He would provide the game’s most controversial moment, in the 64th minute, when he went to ground after a tackle from Marcos Rojo in the United area. He hollered for a penalty, as did the away fans in front of him, and his coach Bilic, but referee Martin Atkinson allowed play to continue. Payet had been booked for a tackle on Jesse Lingaard minutes earlier.

“Payet was, more or less, diving,” said Louis van Gaal. “Of course, he was maybe touched but not to fall like that. There is always discussion about the decisions of the referee.

“You can also say that about the game against Liverpool” on Thursday. “I cannot say anything. The referee has to decide within seconds. I said that after the game against Liverpool and now it’s the same.”

Bilic thought otherwise.

“Come on,” said the Croatian. “If you have a screen show me, I am going to defend my point at Cambridge” presumably a reference to that university’s union debating society. “There is more than a contact. I’m not saying it was nasty, it is definitely not a dive.

“Every decision in the box, it doesn’t have to be penalty or dive,” added Bilic, who had touted Payet as a contender for England’s footballer of the year.

“Nobody in the world can say there wasn’t a touch. Then if it was a touch, and it is more than a touch, it is a penalty. Rojo slides and when you are sliding in the box and the ball is nowhere near you, you are taking a big gamble and a big risk. It is a penalty.”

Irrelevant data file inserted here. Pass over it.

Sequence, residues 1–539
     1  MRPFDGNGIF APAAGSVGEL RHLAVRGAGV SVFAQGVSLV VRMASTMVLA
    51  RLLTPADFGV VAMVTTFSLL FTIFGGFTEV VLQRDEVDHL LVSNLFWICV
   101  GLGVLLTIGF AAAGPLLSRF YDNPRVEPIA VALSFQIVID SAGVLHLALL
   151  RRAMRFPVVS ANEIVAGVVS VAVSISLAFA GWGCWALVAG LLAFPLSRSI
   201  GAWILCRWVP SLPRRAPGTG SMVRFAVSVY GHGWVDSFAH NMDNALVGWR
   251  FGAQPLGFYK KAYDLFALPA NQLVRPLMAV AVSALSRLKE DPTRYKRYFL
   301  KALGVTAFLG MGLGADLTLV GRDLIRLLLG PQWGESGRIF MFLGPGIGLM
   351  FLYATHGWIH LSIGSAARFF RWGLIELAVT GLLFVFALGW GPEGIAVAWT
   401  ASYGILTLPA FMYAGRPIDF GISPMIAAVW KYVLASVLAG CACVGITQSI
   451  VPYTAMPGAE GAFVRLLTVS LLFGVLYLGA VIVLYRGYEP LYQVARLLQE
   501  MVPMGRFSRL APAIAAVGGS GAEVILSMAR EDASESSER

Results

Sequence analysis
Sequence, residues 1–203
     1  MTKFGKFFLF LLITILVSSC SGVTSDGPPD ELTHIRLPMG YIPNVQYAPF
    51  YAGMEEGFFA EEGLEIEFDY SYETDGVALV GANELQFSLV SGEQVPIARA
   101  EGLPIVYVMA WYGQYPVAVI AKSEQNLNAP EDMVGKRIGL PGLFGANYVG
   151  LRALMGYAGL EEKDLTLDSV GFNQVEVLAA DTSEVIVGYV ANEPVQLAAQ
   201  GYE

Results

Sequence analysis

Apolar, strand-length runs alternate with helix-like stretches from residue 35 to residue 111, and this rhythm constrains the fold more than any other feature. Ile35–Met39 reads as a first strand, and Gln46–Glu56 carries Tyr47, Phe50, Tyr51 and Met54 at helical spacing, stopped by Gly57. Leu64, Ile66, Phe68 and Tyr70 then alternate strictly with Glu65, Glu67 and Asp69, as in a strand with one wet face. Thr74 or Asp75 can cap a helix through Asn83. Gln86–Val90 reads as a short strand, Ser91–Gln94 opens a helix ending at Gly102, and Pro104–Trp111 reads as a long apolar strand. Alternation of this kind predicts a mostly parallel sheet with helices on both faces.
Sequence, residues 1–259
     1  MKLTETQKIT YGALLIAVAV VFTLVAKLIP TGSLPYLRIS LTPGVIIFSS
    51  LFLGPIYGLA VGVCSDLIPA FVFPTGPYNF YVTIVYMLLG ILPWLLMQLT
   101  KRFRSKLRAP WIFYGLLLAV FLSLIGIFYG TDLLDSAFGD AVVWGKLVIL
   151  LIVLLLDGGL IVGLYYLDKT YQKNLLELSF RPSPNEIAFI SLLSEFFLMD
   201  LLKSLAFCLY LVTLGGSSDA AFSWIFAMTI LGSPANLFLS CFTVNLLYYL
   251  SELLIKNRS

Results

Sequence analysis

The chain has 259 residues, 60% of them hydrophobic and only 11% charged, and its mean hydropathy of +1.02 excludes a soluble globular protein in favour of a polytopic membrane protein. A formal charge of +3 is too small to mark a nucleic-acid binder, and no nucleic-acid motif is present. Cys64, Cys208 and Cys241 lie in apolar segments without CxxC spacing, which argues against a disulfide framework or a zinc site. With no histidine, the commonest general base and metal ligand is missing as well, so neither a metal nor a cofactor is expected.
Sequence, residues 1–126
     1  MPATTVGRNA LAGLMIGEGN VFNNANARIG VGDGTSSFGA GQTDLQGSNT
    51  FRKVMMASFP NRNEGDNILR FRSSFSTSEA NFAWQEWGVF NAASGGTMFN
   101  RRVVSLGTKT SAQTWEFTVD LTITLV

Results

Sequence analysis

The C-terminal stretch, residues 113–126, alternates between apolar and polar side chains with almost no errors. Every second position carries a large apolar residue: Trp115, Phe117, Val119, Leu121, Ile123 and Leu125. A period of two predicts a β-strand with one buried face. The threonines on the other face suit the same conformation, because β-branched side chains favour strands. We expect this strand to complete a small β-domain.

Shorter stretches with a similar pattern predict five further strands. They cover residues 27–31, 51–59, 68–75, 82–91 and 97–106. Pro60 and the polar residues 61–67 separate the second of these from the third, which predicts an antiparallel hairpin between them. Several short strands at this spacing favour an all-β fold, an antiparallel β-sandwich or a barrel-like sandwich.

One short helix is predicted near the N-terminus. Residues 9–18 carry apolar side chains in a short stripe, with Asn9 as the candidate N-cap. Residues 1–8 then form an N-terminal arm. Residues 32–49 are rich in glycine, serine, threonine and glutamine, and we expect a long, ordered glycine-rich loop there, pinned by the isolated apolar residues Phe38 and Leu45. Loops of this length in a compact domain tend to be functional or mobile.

The debate will continue until the replay at Upton Park, for which a date has yet to be arranged.

Payet was a threat, but not a constant one. He does not dominate games, but changes them. Wearing No 27, he played on the left of a 4-3-3, a shift from the start of the season when he played as a No 10.

He combines well with Aaron Cresswell on the left, though he can be found all over the field, even coming back to take the ball from defence.

He would need more positional discipline if he were to play for the biggest clubs. On 36 minutes he drifted to the right of the pitch and left Cresswell exposed on the left.

A minute later Payet ran back to help his defence out and won the ball back, but it would be his second-half strike which gave West Ham hope. He may have joined Di Canio and Carlos Tevez, the last two West Ham players to score a winner at Old Trafford, and the visiting fans shouted "Wembley!", but their dreams faded and died with Anthony Martial's late equaliser.

West Ham are still in the FA Cup, with the Payet song the soundtrack of their excellent season, just as it was at Blackburn Rovers in the fifth round, when he scored another free kick in front of another huge away following.

He was the last man off the field at Old Trafford, saluting the adoring away fans as they sang his name.

Payet had not played in the Premier League game at Old Trafford in December, and so Sunday was the first time Manchester United fans had seen him in the flesh.

After watching him they now have to agree with West Ham fans and admit, reluctantly, that he is special.